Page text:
New UK bridge designs could connect Europe and Africa across the Strait of Gibraltar

New long span bridge designs that could ultimately cover distances such as the Strait of Gibraltar, connecting Europe and Africa, could be made possible by UK research.

long span
Split-pylon concept bridge to cross Strait of Gibraltar, with two 5km main spans (Credit: Helen Fairclough)

In an EPSRC-funded project, researchers at Sheffield University and Brunel University London, alongside long span bridge expert Ian Firth of engineering consultants COWI, used a mathematical modelling technique to identify new bridge forms.

Most existing long span bridges are either suspension bridges, such as the Humber Bridge, or cable-stay, such as the Queensferry Crossing.

However, as these bridge spans increase in length, more and more of their structure is needed just to carry their own weight, according to project leader Prof Matthew Gilbert at Sheffield University.

“There is a theoretical limit on how long a bridge span can be before the material fails,” said Gilbert.

So instead the researchers set out to investigate whether new designs could lead to more structurally efficient forms, allowing longer bridge spans to be built.

The researchers developed a mathematical optimisation model, in which they incorporated a nineteenth century mathematical theory by Davies Gilbert, who advised Thomas Telford on the design for the Menai Suspension Bridge in North Wales.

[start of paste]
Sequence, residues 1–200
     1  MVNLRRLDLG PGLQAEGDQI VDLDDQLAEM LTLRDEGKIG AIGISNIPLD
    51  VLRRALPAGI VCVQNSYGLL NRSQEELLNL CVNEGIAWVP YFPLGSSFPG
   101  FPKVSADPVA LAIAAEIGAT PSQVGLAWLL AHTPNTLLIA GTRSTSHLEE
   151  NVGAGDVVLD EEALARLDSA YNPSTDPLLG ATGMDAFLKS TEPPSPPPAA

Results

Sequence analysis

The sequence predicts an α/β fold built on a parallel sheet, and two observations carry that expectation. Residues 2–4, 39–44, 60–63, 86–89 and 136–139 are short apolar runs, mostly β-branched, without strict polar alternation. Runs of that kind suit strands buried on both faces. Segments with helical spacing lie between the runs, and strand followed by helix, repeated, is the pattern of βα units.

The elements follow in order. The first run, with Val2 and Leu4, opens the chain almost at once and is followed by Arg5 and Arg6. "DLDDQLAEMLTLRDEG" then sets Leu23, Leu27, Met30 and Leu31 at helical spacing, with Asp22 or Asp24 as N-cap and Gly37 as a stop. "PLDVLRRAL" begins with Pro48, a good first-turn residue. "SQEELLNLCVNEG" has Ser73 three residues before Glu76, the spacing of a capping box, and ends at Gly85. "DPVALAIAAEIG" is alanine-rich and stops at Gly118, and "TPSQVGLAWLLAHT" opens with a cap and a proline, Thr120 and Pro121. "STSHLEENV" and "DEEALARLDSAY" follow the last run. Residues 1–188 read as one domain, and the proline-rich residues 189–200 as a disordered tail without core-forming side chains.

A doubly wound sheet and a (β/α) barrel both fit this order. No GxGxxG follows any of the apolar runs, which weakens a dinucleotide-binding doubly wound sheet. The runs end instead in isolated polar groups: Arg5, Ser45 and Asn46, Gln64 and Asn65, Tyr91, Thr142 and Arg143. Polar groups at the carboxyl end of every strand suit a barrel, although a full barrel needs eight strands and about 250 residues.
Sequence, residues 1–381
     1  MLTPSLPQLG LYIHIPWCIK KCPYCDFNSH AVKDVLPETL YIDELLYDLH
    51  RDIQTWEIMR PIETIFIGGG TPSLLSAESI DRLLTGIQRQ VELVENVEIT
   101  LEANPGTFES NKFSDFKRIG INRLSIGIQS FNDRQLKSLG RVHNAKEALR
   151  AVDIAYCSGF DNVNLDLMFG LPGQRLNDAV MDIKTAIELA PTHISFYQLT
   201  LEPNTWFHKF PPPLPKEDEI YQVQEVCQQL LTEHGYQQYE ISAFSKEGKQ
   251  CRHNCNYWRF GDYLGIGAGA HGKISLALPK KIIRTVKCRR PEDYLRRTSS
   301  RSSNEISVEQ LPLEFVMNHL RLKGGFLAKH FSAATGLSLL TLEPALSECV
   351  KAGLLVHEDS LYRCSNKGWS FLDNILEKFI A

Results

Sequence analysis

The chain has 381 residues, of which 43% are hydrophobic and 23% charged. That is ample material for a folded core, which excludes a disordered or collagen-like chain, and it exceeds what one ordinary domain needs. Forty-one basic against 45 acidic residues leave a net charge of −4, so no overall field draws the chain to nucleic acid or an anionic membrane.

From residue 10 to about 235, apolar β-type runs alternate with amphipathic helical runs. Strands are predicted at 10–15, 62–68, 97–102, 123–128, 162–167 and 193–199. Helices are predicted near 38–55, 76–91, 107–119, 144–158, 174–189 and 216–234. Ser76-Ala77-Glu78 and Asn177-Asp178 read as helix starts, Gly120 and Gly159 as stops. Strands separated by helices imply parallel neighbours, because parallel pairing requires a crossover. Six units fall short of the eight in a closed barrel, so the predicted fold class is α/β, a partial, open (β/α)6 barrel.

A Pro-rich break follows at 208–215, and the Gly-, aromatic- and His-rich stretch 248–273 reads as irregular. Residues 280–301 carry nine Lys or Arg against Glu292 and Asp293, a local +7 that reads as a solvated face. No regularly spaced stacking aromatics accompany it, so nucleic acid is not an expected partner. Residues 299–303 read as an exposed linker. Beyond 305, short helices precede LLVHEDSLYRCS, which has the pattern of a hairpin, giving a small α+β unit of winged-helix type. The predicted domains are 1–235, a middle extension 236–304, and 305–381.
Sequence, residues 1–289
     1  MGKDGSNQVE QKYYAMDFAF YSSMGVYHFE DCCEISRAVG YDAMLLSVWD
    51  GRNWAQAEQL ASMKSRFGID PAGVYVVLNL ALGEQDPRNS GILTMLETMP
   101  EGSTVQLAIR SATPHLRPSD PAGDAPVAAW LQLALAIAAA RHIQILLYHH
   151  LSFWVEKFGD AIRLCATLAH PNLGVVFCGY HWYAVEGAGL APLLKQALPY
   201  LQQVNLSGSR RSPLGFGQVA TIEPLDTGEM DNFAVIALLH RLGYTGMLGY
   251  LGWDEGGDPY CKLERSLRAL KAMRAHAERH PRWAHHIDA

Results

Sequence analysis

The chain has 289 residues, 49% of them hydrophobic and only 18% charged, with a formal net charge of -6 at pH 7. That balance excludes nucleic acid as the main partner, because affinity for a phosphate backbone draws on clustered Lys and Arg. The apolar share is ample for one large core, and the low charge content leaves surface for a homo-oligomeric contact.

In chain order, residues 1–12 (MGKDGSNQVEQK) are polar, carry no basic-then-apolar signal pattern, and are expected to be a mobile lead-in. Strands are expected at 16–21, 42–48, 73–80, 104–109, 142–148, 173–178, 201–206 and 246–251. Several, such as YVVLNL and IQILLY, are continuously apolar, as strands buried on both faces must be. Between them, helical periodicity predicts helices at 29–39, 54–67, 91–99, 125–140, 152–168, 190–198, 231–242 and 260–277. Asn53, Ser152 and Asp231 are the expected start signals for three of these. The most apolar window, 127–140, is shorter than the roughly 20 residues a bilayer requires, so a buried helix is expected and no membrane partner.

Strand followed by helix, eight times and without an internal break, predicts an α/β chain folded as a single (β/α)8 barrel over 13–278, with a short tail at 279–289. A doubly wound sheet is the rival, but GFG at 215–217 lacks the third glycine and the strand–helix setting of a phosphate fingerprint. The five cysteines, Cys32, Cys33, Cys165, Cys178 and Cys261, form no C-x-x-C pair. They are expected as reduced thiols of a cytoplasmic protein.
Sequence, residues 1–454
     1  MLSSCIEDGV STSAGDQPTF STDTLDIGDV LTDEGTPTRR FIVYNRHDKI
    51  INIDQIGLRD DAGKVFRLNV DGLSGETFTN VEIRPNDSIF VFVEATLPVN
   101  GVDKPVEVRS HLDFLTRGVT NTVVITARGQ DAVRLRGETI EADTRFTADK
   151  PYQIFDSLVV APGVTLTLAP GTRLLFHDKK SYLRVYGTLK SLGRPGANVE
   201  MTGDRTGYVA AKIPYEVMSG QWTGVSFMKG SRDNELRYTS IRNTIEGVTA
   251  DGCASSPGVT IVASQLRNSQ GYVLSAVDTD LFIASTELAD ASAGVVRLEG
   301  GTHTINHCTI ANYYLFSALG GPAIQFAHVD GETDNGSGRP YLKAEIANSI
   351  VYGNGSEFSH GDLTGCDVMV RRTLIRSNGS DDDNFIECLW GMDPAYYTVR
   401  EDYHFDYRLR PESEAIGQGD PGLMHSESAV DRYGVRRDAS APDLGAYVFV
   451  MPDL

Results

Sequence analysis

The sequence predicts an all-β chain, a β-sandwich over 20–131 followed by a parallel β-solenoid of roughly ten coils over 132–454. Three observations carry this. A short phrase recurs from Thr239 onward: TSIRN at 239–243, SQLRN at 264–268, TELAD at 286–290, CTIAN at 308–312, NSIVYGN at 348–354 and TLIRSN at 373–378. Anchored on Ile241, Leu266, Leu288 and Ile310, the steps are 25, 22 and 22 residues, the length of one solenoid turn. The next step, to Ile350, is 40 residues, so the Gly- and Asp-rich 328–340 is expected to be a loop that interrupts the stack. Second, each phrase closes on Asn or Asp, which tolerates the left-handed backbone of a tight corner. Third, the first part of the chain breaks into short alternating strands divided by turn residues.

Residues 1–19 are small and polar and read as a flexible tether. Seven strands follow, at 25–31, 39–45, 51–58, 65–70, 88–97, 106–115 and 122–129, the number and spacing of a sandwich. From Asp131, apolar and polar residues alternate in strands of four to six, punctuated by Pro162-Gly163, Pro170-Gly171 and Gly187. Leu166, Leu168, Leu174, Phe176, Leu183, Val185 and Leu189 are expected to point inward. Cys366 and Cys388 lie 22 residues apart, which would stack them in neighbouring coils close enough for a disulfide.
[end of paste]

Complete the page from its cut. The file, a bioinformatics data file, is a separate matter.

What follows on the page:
They found that the most mathematically optimal designs would contain regions resembling a bicycle wheel, with multiple spokes in place of a single tower.

However, since this would be difficult to replicate on a large scale, the team replaced these wheels with simpler split towers comprising just two or three spokes each.

“Very often there are slight variations on [the mathematically optimal] forms, which are only very slightly less efficient, in that there is very little extra weight, but they are much easier to build,” said Gilbert.

In the design, the forces from the deck are transmitted more efficiently through the bridge superstructure to the foundations, meaning less material is needed. This is done by keeping the load paths short, and avoiding sharp corners between tensile and compressive elements.

More work is needed to ensure the new designs are practical, including how easy they will be to construct, said Gilbert.

“We haven’t yet looked at the lateral loading from wind,” he said. “So we’d like to work with experts in that field, to see whether [the design] is a practical solution for very long spans.”

The research is published in the Proceedings of the Royal Society.